Experts and skeptics

Sayings of Richard Feynman, Nobel prizewinning physicist:

  • There is no harm in doubt and skepticism, for it is through these that new discoveries are made.
  • Science is organized skepticism of the reliability of expert opinion.

In our response to covid, we are witnessing the lack of expertise of experts.

We assume that science is incontrovertible. It may well be.

Scientists, however, are not. They are human. When they “speak science” to us, we do well to remember that actually they are speaking not science, but science as interpreted by scientists. Not the same thing at all.

We observe scientific phenomena. Observations rely on our senses and intellects. We measure scientific phenomena. Measurements rely on instruments and techniques. In biological science we observe and experiment on animals, human and non-human. Animals have “personalities”. They are not predictable. Personalities influence responses.

When a scientist inspects cells or tissues under a microscope, they have been pulverised in all sorts of ways to render them observable. If yesterday’s work is to be compared to today’s and next week’s, you need to be pretty damn sure that all the conditions and chemicals and temperatures that held yesterday are absolutely identical to today’s and next week’s. This can never be. 

There are so many variables in biological science. It is very messy. Mathematics is pure. Physics is almost pure, but is a bit messy since it has to be observed. Chemistry is messier still. Biology is very messy indeed, as I explain above. Messiest of all are things like psychology and social science, the latter once defined as the study of those who don’t need to be studied by those who do.

In the biological sciences, it’s necessary to amass a large amount of data. Those data must be tested, time and again, and robust statistical analyses applied, before even tentative conclusions can be drawn. 

I’m not saying that it’s not possible to draw conclusions in biological science. But it is time consuming and laborious, and it requires meticulous work from researchers whose personalities are well suited to meticulous work: focussed, capable of paying attention to detail and possessed of almost infinite patience. A bit anal you might say. Being on the autistic spectrum certainly helps.

Most of all, scientists must be impervious to the pressures from themselves and others to get their results to conform to expected patterns that suit their own ideas or those of the organisation and funding bodies for whom they work. 

In short, scientists need to be uncontaminated by personal bias. Good luck with that.

You see, the problem is that scientists—experts—are human.

Back in the 4th century, Evagrios the Solitary said “there are three groups [of demons] who fight in the front line: those entrusted with the appetites of gluttony, those who suggest avaricious thoughts, and those who incite us to seek the esteem of men. All the other demons follow behind and in their turn attack those already wounded by the first three.” Evagrios clearly had a profound knowledge of human psychology.

The third of those demons, seeking the esteem of men, is by far the most insidious and dangerous. And that is at the root of the sin of the expert, of the scientist in general, and indeed of humanity.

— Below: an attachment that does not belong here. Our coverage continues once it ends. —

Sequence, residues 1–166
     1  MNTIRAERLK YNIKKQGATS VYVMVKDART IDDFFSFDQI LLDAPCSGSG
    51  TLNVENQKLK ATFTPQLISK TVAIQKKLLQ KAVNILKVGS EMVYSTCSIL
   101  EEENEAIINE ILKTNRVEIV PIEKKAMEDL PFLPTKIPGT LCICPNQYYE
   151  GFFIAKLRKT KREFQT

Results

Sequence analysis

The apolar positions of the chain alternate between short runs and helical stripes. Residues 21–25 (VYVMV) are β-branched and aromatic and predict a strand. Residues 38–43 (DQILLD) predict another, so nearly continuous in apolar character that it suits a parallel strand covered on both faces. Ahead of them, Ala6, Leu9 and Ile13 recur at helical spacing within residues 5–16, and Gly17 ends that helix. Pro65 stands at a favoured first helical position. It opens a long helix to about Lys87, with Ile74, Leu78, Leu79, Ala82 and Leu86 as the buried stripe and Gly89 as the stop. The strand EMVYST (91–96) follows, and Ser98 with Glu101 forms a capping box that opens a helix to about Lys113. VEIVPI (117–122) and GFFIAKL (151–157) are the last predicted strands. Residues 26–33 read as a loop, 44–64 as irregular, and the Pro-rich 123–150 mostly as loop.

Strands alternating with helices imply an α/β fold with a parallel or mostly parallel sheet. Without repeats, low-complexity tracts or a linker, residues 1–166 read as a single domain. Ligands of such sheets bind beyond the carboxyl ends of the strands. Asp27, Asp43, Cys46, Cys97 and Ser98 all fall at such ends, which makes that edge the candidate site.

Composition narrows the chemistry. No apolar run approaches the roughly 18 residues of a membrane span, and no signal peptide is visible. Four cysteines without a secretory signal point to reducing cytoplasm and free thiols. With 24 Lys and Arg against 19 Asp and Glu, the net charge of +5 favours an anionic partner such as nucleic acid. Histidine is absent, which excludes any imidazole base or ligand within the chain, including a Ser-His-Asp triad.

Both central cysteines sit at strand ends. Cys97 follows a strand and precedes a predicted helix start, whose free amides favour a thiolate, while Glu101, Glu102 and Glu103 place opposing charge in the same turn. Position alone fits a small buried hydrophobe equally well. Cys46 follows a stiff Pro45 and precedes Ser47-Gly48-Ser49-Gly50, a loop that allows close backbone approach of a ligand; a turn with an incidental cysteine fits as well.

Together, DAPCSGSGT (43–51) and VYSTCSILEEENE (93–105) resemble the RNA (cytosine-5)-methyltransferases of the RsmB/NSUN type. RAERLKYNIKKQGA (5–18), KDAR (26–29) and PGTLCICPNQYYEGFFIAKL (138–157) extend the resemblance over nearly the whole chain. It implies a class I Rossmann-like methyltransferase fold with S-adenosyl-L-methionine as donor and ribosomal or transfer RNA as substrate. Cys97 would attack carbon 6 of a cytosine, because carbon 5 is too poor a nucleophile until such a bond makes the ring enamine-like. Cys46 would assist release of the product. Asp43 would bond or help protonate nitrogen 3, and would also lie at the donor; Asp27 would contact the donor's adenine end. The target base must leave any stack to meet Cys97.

We all want to be well thought of. It is good for the sake of pay, pension, reputation, self-esteem and ego. But seeking the approval of others requires that we choose those whose approval is worth having. Therein lies the problem.

The ego of an unscrupulous scientist can lead to his ignoring inconvenient results, even fabricating data. It can lead to a pet model overriding observed data, the latter being squeezed and deformed to fit the model just as the ugly sister’s toe was amputated so her foot might squeeze into the glass slipper. Researchers employed by drug companies are particularly vulnerable to such pressures in order that their results will best enhance company profits, and thus reputations and prospects.

I need not perseverate. You can see how the demon of seeking esteem infects us all—and in the realm of science, you can I hope see how such pressures and biases can distort the interpretation of biological data.

And that brings us to covid.

In the covid case we are dealing with a novel virus. People use that word, and yet they don’t see that novel carries with it uncertainty and unpredictability, for if something is novel we can not reliably assume or deduce anything on the basis of what we have known heretofore. When a scientist comes along with a model, people latch on to it. “We need something,” they cry; “this is something; this will do”. 

Well, it might not do. Indeed, it did not do at all.

They, we, should assume nothing but instead proceed cautiously, adjusting and refining our ideas on the basis of data, rather than on the basis of some preconceived model. Instead we did the opposite: “we have a world expert modeller; we know better than the rest of the world; we know what the virus will do”. We certainly do not know what the virus will do, or how we will respond to it. 

What we need is constant wariness, a readiness always to adjust, refine, question. As Richard Feynman is reported as saying, “Science is the organized skepticism in the reliability of expert opinion.” 

Experts, I repeat, are human and subject to all the deceptions and foibles of human nature. The problem is that we put too much weight on what they say. We treat them as infallible. We do not question them. We should. We need dissenters to say, “hang on a minute; what if … ?” Unfortunately dissenters, whistle blowers, are rarely if ever applauded. Richard Feynman could himself be a skeptic, for former US Attorney General William Rogers said of him “Feynman is becoming a real pain in the ass.” 

We need more, many more,  pains in the ass.